CAPITAL by John Lanchester (novel)
THE QUARRY by Iain Banks (novel)
THE PEDANT IN THE KITCHEN by Julian Barnes (cookery)
HARD TIMES by Charles Dickens (novel)
NEW SELECTED POEMS by P.J. Kavanagh (poetry) Reviewed by me here
TOY TOWN TELLY & STONE AGE FILMING by Forbes Taylor (autobiography)
THE EMBASSY OF CAMBODIA by Zadie Smith (short story)
BOLAN by Mark Paytress (biography)
BLOOMSBURY AND THE POETS by Nicholas Murray (reviewed by me here)
UP TO MAMETZ by Llewelyn Wyn Griffith
TO SING AWAY THE DARKEST DAYS by Norbert Hirschhorn (reviewed by me in Lunar Poetry 1)
AN OFFICER AND A SPY by Robert Harris
INGATHERING by Dawn Wood (reviewed by me in Iota)
THE DOG by Joseph O'Neill (reviewed by me here)
THE GUTS by Roddy Doyle
THE ZONE OF INTEREST by Martin Amis (reviewed by me here)
STONER by John Williams
FOOTSTEPS by Tim Kiely (reviewed by me in Lunar Poetry 4)
J by Howard Jacobson
PERSONAL by Lee Child
UNCHOSEN by Julie Burchill
LISTS OF NOTE ed. Shaun Usher (reviewed by me here)
AMNESIA by Peter Carey (reviewed by me here)
DRAWN ON WATER by Mel Pryor (review in Lunar Poetry)
WATERLOO by Bernard Cornwall
THE BLACK ECHO by Michael Connolly
FUNNY GIRL by Nick Hornby
NOTES FROM A CAMPER VAN by Alwyn Marriage
SUSPECT by Robert Crais

Conservative Beliefs

This seems to me to encapsulate the central tenets of conservatism with brilliant concision.  It is from Roger Scruton's article in the current Spectator (4.1.14). which can be found in its entirety here.

"Conservatives believe that our identities and values are formed through our relations with other people, and not through our relation with the state. The state is not an end but a means. Civil society is the end, and the state is the means to protect it. The social world emerges through free association, rooted in friendship and community life. And the customs and institutions that we cherish have grown from below, by the ‘invisible hand’ of co-operation. They have rarely been imposed from above by the work of politics, the role of which, for a conservative, is to reconcile our many aims, and not to dictate or control them."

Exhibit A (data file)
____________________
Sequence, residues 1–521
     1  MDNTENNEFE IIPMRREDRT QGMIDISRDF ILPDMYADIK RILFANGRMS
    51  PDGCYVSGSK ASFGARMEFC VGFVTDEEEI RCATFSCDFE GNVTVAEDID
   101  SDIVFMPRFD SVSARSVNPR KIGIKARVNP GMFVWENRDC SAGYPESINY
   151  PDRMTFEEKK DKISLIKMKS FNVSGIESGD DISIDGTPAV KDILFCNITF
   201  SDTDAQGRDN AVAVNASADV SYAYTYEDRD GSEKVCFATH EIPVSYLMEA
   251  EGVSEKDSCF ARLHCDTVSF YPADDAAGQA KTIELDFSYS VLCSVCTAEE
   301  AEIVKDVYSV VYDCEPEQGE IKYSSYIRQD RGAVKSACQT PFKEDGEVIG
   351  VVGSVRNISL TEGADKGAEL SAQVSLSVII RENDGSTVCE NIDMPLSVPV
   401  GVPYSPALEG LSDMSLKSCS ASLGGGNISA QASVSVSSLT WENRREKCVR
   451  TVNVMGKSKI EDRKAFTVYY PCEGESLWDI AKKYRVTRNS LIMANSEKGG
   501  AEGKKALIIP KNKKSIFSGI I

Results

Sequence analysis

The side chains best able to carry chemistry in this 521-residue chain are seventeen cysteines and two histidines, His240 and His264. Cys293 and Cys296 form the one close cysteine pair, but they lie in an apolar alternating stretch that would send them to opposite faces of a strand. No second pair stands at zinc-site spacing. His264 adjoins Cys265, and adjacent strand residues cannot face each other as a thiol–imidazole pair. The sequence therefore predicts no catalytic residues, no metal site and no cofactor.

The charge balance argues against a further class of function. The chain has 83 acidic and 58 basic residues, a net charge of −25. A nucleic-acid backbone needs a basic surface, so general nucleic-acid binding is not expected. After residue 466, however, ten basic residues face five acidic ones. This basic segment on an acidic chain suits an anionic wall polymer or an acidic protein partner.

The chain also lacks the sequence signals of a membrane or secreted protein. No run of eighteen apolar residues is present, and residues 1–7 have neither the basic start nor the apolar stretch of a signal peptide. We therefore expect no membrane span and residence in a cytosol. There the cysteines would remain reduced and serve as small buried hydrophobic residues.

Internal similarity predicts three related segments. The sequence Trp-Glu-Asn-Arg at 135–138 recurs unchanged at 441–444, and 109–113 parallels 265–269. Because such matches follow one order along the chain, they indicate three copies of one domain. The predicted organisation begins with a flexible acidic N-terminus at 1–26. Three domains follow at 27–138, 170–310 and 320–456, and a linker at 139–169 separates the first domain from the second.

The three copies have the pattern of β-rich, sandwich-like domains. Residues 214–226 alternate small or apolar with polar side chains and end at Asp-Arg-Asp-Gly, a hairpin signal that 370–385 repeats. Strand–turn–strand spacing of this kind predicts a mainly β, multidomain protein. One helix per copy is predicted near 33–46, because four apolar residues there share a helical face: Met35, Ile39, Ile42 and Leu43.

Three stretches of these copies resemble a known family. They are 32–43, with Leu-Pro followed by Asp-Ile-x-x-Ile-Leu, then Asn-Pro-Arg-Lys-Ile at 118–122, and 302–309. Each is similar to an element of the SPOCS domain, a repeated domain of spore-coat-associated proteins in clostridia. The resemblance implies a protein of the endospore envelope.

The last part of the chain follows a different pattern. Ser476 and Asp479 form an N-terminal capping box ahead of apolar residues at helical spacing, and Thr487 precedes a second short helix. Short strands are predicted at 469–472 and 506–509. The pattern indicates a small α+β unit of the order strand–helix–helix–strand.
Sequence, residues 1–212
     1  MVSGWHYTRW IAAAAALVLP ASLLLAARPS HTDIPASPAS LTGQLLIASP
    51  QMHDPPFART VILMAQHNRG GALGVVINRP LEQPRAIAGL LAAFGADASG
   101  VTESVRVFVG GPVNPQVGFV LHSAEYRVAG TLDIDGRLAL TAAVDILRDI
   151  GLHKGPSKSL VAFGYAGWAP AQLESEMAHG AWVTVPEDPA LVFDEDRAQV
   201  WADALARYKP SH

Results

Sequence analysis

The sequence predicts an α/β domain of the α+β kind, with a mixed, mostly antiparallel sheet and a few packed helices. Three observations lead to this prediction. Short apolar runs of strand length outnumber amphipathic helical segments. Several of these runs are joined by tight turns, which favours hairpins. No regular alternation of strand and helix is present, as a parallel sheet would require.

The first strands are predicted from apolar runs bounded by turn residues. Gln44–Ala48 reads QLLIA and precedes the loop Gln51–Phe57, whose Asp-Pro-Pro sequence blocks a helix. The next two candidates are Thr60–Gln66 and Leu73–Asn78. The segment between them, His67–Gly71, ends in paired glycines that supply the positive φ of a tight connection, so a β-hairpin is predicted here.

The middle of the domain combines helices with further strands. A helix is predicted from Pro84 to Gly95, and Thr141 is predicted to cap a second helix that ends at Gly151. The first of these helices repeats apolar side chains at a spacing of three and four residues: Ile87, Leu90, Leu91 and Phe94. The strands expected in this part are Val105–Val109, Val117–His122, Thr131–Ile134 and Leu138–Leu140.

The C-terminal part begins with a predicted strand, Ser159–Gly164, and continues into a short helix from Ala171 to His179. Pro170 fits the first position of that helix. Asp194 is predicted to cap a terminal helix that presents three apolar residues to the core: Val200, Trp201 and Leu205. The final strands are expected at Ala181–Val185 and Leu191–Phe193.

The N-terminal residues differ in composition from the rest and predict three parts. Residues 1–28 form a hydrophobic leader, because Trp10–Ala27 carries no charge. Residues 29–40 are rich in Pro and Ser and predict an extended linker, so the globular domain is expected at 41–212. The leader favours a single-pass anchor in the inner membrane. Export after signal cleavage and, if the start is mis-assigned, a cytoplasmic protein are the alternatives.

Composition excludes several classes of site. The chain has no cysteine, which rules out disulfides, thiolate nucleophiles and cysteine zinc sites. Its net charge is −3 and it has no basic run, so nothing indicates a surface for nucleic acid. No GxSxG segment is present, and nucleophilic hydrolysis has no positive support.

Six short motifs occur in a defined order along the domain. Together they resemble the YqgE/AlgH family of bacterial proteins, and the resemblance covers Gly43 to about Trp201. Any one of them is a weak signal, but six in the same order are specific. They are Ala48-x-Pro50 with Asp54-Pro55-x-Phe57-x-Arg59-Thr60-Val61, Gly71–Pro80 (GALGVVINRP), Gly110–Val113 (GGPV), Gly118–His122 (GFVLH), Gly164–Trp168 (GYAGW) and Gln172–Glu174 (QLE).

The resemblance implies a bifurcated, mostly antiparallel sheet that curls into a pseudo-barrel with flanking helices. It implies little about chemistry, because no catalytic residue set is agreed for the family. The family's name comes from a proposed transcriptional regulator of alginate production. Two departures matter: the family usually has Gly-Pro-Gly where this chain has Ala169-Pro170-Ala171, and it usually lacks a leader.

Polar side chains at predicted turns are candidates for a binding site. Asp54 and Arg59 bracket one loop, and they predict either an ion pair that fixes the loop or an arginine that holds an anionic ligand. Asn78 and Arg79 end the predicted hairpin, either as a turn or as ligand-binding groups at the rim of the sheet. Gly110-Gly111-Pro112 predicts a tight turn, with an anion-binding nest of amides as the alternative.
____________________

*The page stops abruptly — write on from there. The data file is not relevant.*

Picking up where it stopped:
A Word on Iceland

We were there in all for around ten hours, four of them at the swish and comfortable and generally chilled airport.  We liked Iceland.  We were picked up at 9.30 and taken to the Blue Lagoon.  It was still dark, and we drove, through lava-bristling landscape into a kind of Roger Dean dawn. Otherworldly, especially after no sleep on the plane from Boston.  The Blue Lagoon, which I think is also the title of a Brooke Shields film of questionable taste, is a large (about the size of a football pitch) volcanic pond full of sulphurous hot water.  It is very odd indeed to plunge out of the freezing chill-factory dry into the steaming hot wet and then simply to walk about in it, surrounded on all sides by needle sharp black rock.  Who did we share it with?  All sorts.  Really, all sorts.  Brits laughing, Japanese chattering, Nordic couples canoodling.  Very fat middle aged women.  Rather svelte young women.  Lots of ugly men. We were encouraged to slather mud over our faces for its health-giving properties.  I think most of the health came from the giggles that ensued.  The heat of the water was in patches rather scary in the I'm going to get scalded all over way, but one had only to stand up to believe that it was perhaps better to be too hot than too cold.  The place was full of people yet at no time did one feel cramped or put upon.  The changing rooms were clean and had extremely groovy futuristic lockers. We had sushi in the cafe afterwards and then drove back through the now fully visible, but no less weird landscape.  We want to return.

Cal in front of the Blue Lagoon